The guiding principle of the structural response is to minimize the link between recidivism risk and punishment. If exhibiting high crime risk did not lead to the loss of freedom and opportunities, then pretrial detention decisions would not exacerbate racial disparities in risk, thus reducing the stakes of the dilemma between sufficiency and separation. Most directly, the structural response can be advanced by reducing the scope of pretrial detention, such that fewer people would be incarcerated, regardless of their risk level. In recent years, for instance, several jurisdictions have stopped pursuing pretrial detention for defendants arrested for misdemeanors and non-violent felonies, without observing any increase in recidivism (Herring, 2020). Another reform would be to begin responding to risk with social and material support, such that being high risk would lead to aid rather than incarceration. Several such programs exist in the USA and have been shown to improve the well-being of defendants while also reducing their recidivism risk (Mayson, 2019). Finally, reforms could aim to decrease the downstream damages of pretrial detention. For instance, reducing the effects of pretrial detention on increased conviction and diminished future employment would reduce the harms associated with being high risk, even if detention remains a common response.Footnote 13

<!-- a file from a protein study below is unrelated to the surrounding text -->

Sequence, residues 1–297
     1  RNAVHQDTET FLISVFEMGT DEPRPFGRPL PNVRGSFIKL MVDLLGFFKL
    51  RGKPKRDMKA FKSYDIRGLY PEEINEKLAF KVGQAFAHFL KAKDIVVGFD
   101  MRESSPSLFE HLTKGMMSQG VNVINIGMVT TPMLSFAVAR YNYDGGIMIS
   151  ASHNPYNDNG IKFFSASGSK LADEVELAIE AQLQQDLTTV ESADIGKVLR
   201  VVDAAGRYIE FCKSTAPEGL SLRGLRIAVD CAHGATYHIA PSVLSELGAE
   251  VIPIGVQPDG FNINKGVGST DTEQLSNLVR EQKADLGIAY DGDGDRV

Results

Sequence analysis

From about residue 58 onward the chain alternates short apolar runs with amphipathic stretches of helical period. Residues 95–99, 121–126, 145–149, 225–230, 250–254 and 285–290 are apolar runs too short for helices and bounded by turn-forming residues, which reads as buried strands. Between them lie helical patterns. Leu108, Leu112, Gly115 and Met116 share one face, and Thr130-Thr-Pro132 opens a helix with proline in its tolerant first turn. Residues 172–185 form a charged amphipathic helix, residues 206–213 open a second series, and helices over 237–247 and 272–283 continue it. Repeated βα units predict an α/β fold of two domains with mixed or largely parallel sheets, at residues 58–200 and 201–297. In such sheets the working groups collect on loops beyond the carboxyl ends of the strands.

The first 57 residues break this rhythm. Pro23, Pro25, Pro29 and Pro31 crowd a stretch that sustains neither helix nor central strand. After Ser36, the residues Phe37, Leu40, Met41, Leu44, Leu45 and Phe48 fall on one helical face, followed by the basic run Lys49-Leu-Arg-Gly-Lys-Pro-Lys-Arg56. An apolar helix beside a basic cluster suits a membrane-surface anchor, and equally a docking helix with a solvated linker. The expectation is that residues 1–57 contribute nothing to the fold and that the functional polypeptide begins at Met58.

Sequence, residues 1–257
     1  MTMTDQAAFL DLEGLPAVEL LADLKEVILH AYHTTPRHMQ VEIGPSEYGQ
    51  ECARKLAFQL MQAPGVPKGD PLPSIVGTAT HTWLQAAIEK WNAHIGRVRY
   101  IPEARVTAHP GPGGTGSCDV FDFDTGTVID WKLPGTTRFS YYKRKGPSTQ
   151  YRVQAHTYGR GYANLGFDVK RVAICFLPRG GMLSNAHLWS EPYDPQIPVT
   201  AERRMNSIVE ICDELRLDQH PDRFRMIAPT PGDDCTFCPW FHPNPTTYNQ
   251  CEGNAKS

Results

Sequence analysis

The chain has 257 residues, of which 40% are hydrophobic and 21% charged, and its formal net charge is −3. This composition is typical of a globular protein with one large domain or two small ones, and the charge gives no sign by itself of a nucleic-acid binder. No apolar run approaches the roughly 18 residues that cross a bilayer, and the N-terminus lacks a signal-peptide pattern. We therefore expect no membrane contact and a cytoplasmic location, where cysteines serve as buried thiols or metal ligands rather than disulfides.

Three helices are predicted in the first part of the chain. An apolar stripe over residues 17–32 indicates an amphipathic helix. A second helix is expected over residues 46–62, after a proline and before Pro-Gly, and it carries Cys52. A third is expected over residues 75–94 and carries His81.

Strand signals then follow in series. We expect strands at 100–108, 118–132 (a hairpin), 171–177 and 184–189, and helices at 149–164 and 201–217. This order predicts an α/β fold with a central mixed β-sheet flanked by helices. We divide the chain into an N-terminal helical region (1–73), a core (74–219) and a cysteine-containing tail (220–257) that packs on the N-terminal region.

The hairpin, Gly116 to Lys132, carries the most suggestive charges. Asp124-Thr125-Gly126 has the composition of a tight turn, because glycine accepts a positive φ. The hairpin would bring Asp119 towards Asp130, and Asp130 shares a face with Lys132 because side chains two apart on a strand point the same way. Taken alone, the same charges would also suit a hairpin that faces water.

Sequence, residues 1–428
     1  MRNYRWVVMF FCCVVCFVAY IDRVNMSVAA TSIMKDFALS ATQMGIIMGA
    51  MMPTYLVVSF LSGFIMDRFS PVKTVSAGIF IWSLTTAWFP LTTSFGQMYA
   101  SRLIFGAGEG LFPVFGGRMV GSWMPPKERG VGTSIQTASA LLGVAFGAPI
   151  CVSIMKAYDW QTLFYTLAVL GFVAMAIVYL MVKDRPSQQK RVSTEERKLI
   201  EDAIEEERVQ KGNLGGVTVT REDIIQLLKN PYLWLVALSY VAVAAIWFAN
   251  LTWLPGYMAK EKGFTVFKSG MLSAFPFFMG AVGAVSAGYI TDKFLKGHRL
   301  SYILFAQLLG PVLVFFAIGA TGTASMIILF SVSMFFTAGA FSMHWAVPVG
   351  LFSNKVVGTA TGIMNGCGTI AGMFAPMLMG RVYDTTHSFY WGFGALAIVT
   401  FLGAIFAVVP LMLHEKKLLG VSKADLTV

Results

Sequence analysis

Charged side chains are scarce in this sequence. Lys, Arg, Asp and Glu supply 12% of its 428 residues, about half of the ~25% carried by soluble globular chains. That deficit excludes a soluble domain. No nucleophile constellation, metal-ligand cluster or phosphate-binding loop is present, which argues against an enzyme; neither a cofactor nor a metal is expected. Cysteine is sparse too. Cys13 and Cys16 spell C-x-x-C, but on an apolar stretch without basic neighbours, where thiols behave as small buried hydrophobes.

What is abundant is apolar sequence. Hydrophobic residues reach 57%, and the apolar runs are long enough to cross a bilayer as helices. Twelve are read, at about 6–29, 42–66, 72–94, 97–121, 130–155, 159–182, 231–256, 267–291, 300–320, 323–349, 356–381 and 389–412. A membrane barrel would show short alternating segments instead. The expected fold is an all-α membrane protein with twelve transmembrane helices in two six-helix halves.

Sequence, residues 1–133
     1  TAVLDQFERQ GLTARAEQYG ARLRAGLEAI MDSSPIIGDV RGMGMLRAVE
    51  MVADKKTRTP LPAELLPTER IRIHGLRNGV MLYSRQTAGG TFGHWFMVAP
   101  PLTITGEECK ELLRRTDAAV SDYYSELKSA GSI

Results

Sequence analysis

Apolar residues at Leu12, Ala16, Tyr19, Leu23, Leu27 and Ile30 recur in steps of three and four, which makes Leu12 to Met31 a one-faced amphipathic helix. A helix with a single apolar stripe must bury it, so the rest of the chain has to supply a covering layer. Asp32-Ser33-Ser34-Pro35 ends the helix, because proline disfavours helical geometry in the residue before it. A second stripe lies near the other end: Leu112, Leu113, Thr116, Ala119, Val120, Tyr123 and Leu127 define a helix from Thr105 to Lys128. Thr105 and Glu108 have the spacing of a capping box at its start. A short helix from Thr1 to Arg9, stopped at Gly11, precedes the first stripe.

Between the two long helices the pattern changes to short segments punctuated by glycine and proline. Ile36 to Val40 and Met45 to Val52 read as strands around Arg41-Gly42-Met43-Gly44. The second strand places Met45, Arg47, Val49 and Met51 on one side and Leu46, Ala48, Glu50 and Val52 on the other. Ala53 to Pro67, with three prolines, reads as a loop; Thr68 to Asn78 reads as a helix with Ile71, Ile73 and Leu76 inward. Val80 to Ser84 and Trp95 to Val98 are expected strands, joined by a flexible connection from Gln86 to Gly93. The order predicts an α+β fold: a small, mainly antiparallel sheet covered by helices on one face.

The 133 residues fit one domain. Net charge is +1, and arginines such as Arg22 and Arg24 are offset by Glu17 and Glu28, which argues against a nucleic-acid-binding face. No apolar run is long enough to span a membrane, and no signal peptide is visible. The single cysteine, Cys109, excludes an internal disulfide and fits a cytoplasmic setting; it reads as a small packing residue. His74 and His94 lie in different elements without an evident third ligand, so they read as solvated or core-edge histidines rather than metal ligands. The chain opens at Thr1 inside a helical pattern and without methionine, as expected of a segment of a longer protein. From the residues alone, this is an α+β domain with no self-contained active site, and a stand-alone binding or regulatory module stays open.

Step 3: Consider Roles for Algorithms

The third step is to consider the potential roles for algorithms in advancing relational and structural reforms. Following the relational response, the key question is whether algorithms can enhance or facilitate the identified relational reforms. One direction along these lines involves using algorithms to reduce the crime risk of Black communities by alleviating criminogenic conditions of disadvantage. For instance, algorithms have been used to increase access to education (Lakkaraju et al., 2015), welfare (DataSF, 2018), and affordable housing (Ye et al., 2019), all of which can reduce the crime risk of disadvantaged groups. Another direction involves using algorithms to combat the criminalization of minorities. One such path is to alter the notions of “risk” that guide pretrial decision-making. Pretrial risk assessments define risk in ways that fail to account for the harms of detention on defendants and their communities, which are often more severe for marginalized defendants (Green, 2020; Yang, 2017). Developing more holistic definitions of risk would likely limit the extent to which it appears prudent to detain Black defendants at higher rates than white defendants. More broadly, algorithms can help to undo policies that enact racialized conceptions of crime. Several states have implemented algorithms to streamline the process of expunging criminal records, which is likely to disproportionately benefit minority and low-income individuals (Johnston, 2022). Similarly, statistical analyses have helped to document how stop-and-frisk subjugates minorities and to support movements for altering or abolishing this practice (Denvir, 2015; Goel et al., 2016).